Jetta Klijnsma, state secretary in the Netherlands, has written a letter to the Dutch Parliament standing by her decision to give supervisory boards (RvTs) the right to dismiss pension funds’ boards.
The RvT is to be introduced through new governance legislation coming into force in July 2014.
Klijnsma initially decided to grant RvTs the right to sack “malfunctioning” board members at the request of the Senate, which feared that the supervisory board, as originally envisaged, lacked teeth.
Boards that make a decision without an RvT’s approval, and fail to offer a compelling argument as to how that decision is in the best interests of all participants, are considered to have “malfunctioned”.
The Senate also suggested the RvT be allowed to block the nomination of a board member who fails to comply with the set profile.
Klijnsma, addressing recent concerns in Parliament that the RvT’s remit was too broad, stressed that not every dispute would be treated as an example of a “malfunctioning” board.
“I assume the RvT will only use its right of dismissal in cases of serious and ongoing malfunctioning,” she wrote, referring to the “milder” remedy of alerting the pension fund’s accountability body, or the party that appoints board members.
If these third parties respond too late, or their responses are lacking, the RvT could still alert De Nederlandsche Bank, the Dutch regulator, she said.
The Pension Federation said it considered Klijnsma’s letter as guideline for RvTs, but it described the option of a two-track approach as “a bit strange”.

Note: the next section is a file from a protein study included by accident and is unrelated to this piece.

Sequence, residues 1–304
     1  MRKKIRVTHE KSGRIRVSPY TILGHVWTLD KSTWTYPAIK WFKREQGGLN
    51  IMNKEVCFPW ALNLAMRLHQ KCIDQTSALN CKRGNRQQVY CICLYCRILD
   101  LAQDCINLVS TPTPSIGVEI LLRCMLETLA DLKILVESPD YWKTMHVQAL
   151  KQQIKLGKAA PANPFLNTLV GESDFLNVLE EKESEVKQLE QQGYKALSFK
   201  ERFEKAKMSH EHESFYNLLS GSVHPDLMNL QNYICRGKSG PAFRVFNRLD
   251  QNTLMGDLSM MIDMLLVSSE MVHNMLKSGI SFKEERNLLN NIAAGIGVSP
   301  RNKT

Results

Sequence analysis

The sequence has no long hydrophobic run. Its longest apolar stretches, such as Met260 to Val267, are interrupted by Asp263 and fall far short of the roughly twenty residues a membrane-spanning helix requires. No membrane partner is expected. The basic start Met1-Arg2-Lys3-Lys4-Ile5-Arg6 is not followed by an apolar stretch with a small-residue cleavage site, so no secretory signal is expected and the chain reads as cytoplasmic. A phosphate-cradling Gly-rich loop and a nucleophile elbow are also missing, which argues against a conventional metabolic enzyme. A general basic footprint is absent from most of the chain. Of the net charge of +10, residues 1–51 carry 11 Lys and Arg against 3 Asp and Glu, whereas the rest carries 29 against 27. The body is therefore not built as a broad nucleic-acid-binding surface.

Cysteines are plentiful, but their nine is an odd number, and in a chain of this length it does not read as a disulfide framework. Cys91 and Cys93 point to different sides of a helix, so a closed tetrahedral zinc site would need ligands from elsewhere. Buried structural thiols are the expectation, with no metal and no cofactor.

Gert Kloosterboer, the federation’s spokesman, said: “These diverging tracks are at odds with the envisaged streamlining of governance.
“However, because we assume something is seriously wrong before the RvT uses its competence, and given the state secretary’s clarification, we are not contemplating further action for now.”
Henri Lepoutre, pensions adviser at employers association AWVN, said Dutch employers were not entirely happy with the RvT’s right of dismissal.
“Companies usually appoint representatives from their own organisation on their pension fund’s board,” he said.
“If they get fired by an RvT, it doesn’t reflect well. In addition, employers fear a loss of influence if an independent RvT can dismiss the board of their pension fund, while an RvT that cannot appoint a board but can dismiss one does not feel balanced.”
He said clearly defining the concept of “malfunctioning” – to guarantee that the dismissal option is deployed only in the most serious cases – was “very important”.